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China Lithium Probe Puts Spotlight on Reserves and ESG Risks

A government inspection last month, which has shuttered some producers at a lithium mining hub in eastern China, is a clear signal that Beijing is turning its attention to better marshaling its domestic resources of the mineral, against a backdrop of record prices and short supply across the globe.

Despite a drop of over 40% from its November peak, lithium carbonate, a refined version of the metal, is still eight times more expensive in China than it was in 2020. For lepidolite, which accounted for about a fifth of China's lithium output in 2021, according to the China Geology journal, there are additional costs arising from its low-yield that directly conflict with lithium's climate-friendly credentials.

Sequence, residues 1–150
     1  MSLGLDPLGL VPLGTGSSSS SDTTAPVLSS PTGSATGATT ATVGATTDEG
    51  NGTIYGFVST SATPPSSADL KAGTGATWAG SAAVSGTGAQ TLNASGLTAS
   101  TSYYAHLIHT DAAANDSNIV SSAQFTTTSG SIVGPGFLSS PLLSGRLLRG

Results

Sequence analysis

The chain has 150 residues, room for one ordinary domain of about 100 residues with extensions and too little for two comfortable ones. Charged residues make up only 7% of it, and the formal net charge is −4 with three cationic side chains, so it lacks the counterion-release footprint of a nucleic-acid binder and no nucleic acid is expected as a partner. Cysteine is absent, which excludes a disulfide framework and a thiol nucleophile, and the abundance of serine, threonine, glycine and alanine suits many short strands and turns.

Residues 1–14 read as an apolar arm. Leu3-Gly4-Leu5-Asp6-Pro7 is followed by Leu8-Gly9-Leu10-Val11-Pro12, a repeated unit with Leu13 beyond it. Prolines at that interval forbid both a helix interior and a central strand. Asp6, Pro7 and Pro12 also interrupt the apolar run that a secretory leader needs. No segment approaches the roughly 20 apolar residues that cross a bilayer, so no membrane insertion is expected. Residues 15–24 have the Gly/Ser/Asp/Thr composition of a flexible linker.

Yichun's lepidolite rocks contain less than 1% lithium, according to the journal, which typically makes extraction more energy-intensive and expensive. While it's too soon to assess the downstream impact, Chinese output that relies on domestic lithium production "Is inferior to overseas-sourced, China-processed lithium in several key ESG areas," Dennis Ip and Leo Ho, analysts at Daiwa Capital Markets, said in an emailed response to questions.

"How to best utilize China's reserves and how to be more self-sufficient have become more and more important, especially now there's more geological tension, like between China and the US," said Matty Zhao, head of Asia-Pacific research on basic materials at Bank of America Corp.

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